The Sindh High Court in Sindh Club Karachi v Commissioner of Income Tax South Zone Karachi (2021 PTD 658) referred to Commissioner of Income Tax, Lahore v. The Lyallpur Central Co-operative Bank Ltd., Lyallpur  1-TAX (III-150) (H.C. West Pakistan, Lahore Bench). This is also referred to in the said Circular of the Federal Board of Revenue (FBR).
The Explanation added by the Act cannot make something income which is actually not income. It is a cardinal principle that what is not “income” cannot be taxed under the income tax law so question of exemption does not arise. Exemption applies where something is taxable. In this case FBR wants to tax something that is not income. In FBR, a misconception prevails that National Assembly can declare anything “income” through the Finance Act, passed as Money Bill every year, in terms of Articles 73(2), 77 and 142(a) read with Entry 47 or 52, Part I, Fourth Schedule to the Constitution of Islamic Republic of Pakistan [“the Constitution”]. In support of this contention, FBR (de facto legislature because members of National Assembly and Senators as well as standing committees on revenue never bother to read carefully finance bills, annual or supplementary, whenever presented, do proper homework or take input from experts) places reliance on Elahi Cotton Mills Ltd. and others v. Federation of Pakistan through Secretary Finance, Islamabad [(1997) 76 TAX 5 (S.C. Pak)], which, in fact, holds the contrary.
The legislators have read the above judgement and the professionals (who are always keen to issue commentaries even before seeing the gazette copy of Finance Acts) did not note omission of proposed amendment cited above in the Act! Now, further mess is created by the said Circular.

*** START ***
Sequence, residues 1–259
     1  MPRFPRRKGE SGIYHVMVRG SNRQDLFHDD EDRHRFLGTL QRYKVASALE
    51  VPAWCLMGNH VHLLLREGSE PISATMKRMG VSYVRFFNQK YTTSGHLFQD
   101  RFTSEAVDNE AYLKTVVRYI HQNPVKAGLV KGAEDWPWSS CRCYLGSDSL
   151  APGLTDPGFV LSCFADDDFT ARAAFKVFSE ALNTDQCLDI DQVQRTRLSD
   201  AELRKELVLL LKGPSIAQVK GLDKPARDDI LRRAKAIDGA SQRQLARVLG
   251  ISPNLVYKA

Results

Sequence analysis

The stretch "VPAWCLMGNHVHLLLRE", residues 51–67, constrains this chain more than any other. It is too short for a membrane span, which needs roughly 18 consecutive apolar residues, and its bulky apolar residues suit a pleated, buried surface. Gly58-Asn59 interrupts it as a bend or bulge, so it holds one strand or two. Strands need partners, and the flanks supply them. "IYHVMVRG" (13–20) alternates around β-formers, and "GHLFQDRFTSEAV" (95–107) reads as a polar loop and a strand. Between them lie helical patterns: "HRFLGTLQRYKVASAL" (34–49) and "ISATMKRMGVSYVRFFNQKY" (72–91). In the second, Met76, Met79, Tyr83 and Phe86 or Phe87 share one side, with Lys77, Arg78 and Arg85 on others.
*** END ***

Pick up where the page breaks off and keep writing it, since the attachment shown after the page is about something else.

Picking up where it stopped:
In para 31 (xxxiii) of the Elahi Cotton case, the Supreme Court held: “That before charging tax, an assessee must be shown to have received income or the same has arisen and accrued or deemed to be so under the statute. Any amount which cannot be treated as above is not an income and; therefore, cannot be subject to tax”. This is a binding command of Supreme Court under Article 189 of the Constitution and no court or authority, except Supreme Court can change it [Pervaiz v Ejaz Ahmad and others 2017 SCMR 206 and Mirza Shaukat Baig and Other v Shahid Jamil & Others P L D 2005 Supreme Court 530].
Notwithstanding the above debate, the Act has held that sale and purchase in immovable property will be taxed as capital gain under section 37 and not section 18 of the Ordinance. Capital Gain on immovable property by the Federal Government is even otherwise against the Constitution (‘Services’ and immovable property income taxation: constitutional violation, Business Recorder, December 4, 2020). The legal position narrated above renders the said Circular issued invalid and against the law. In the light of this and above, the Explanation inserted by the Act in section 18 of the Ordinance, if challenged in the High Court, will certainly be declared ultra vires of the Constitution as what is not income cannot be so made income even by the Parliament as held by the Supreme Court of Pakistan in Elahi Cotton case which is binding under Article 189 of the Constitution of Pakistan as well as the Act is not providing its taxation under section 18 of the Ordinance after dropping the prosed amendment reproduced above.
The writers, lawyers and partners of Huzaima, Ikram & Ijaz, are Adjunct Faculty at Lahore University of Management Sciences (LUMS), members Advisory Board and Visiting Senior Fellows of Pakistan Institute of Development Economics (PIDE)